Johns Hopkins University President Ronald J. Daniels sent an email to students on March 5 detailing the school’s path to “establishing a university police department, specifically trained to meet the unique needs of a university environment.” Sen. Joan Carter Conway has proposed a bill in the Maryland Legislature — spearheaded by the Johns Hopkins administration — which would allow private universities in Baltimore to institute their own private police forces.
This news was met with enormous opposition by students, many of whom view the creation of a private university police department as a way to further entrench white supremacy on campus — and endanger Black, Brown, queer and trans students, and community members. This news follows the announcement that Melissa R. Hyatt, the former Baltimore Police Department head of Homeland Security, would be named head of security for Hopkins’ undergraduate and medical campuses.
The Baltimore Police Department has a long history of racial profiling and unrestrained brutality against Black and Brown people. The creation of this private police force would only serve to increase these attacks on oppressed people.
Johns Hopkins University has also been the primary engine driving gentrification and displacement in Baltimore through the school’s “Live Near Your Work” program for faculty and staff. This has led to displacement of working-class Black and Brown Baltimoreans from their neighborhoods, such as Remington — which is directly south of the university’s Homewood undergraduate campus — and areas in East Baltimore, which are directly adjacent to Hopkins’ medical campus. The university is systematically gentrifying and encroaching upon these neighborhoods.
Because this private police force would “strengthen public safety in and around our campuses,” as university President Daniel’s email states, areas of Baltimore bordering the campuses would be patrolled by police with even less accountability to them than the corrupt Baltimore Police Department.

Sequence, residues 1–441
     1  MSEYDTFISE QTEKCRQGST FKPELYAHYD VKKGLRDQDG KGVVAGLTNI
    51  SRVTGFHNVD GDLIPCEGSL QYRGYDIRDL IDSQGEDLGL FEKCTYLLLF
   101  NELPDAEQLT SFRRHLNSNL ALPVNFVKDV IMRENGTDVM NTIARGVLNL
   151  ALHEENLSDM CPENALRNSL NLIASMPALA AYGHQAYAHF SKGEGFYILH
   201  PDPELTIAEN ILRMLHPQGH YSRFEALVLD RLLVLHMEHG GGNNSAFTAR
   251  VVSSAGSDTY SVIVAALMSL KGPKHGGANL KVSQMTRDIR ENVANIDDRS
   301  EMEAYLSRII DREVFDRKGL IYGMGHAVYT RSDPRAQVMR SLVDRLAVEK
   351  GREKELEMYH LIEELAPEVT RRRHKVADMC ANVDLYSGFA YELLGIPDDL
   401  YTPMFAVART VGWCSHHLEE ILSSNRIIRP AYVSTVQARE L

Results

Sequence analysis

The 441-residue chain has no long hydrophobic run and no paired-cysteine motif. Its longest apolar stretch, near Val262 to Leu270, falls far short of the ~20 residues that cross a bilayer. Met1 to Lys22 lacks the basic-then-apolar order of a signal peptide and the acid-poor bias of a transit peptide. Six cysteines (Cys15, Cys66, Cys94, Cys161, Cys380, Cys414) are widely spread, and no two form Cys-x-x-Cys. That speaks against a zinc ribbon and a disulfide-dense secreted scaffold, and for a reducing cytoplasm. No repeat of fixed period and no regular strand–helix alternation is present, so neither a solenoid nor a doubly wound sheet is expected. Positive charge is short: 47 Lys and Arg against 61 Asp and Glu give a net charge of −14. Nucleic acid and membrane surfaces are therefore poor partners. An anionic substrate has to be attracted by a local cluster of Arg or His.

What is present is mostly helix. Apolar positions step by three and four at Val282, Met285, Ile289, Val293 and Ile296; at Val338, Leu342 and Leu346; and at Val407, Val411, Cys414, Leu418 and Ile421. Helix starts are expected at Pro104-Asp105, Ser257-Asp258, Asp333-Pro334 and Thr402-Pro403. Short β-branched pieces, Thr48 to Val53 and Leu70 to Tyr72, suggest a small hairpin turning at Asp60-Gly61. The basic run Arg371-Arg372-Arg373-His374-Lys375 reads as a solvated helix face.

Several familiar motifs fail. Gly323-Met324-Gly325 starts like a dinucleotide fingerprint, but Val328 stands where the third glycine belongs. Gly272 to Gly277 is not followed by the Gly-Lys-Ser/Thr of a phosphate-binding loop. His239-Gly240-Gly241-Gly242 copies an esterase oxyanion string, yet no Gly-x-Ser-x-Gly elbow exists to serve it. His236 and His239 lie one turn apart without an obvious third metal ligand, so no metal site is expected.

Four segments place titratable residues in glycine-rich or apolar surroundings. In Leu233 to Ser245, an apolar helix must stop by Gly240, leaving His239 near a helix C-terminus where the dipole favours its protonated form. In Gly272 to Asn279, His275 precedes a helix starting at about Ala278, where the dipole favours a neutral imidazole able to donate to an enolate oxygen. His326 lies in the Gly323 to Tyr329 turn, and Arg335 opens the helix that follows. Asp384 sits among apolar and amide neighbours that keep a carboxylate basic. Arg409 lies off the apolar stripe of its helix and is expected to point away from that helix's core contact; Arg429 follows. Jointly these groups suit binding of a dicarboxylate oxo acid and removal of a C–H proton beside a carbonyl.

The university has a history of not paying its workers a living wage. Cafeteria and sanitation workers, security guards and the school’s other subcontracted workers receive unjust, low salaries and are quite often forced to live in poverty because of these unlivable wages. If the school has enough money to create, hire, train and pay an entirely new police force, then it surely has sufficient funds to pay a living wage to its subcontracted workers.
Students say: ‘More community, fewer cops!’
For these reasons and many more, university students say this decision is dangerous and irresponsible. So they formed a coalition called Students against Private Police, comprised of a variety of student groups, including the Black Student Union and leftist, environmental and LGBTQ organizations.
SAPP organized its first action on March 8 — a rally on a busy spot outside the university’s main library. Speakers from many student groups, as well as community activist Rev. C.D. Witherspoon, talked about why this initiative would be disastrous for Hopkins and the Baltimore communities. Students carried handmade signs with slogans like “Not Tryna Get Shot!” ”More Community, Fewer Cops!” “Who R U Here to ‘Protect’?” “Cops Don’t Make Us Safer!” and “Pepper Spray Me!”
Following the rally, students chanted while marching through Gilman Hall, one of the busiest study spaces on campus. They made their way to President Daniels’ mansion, where they expressed their anger by chanting outside his front door. Over 100 students participated, as well as some influential members of community organizations.
SAPP’s next action took place March 11, when students phonebanked at several Hopkins’ graduate and undergraduate campuses. They called Maryland representatives, demanding they vote against this horrible bill.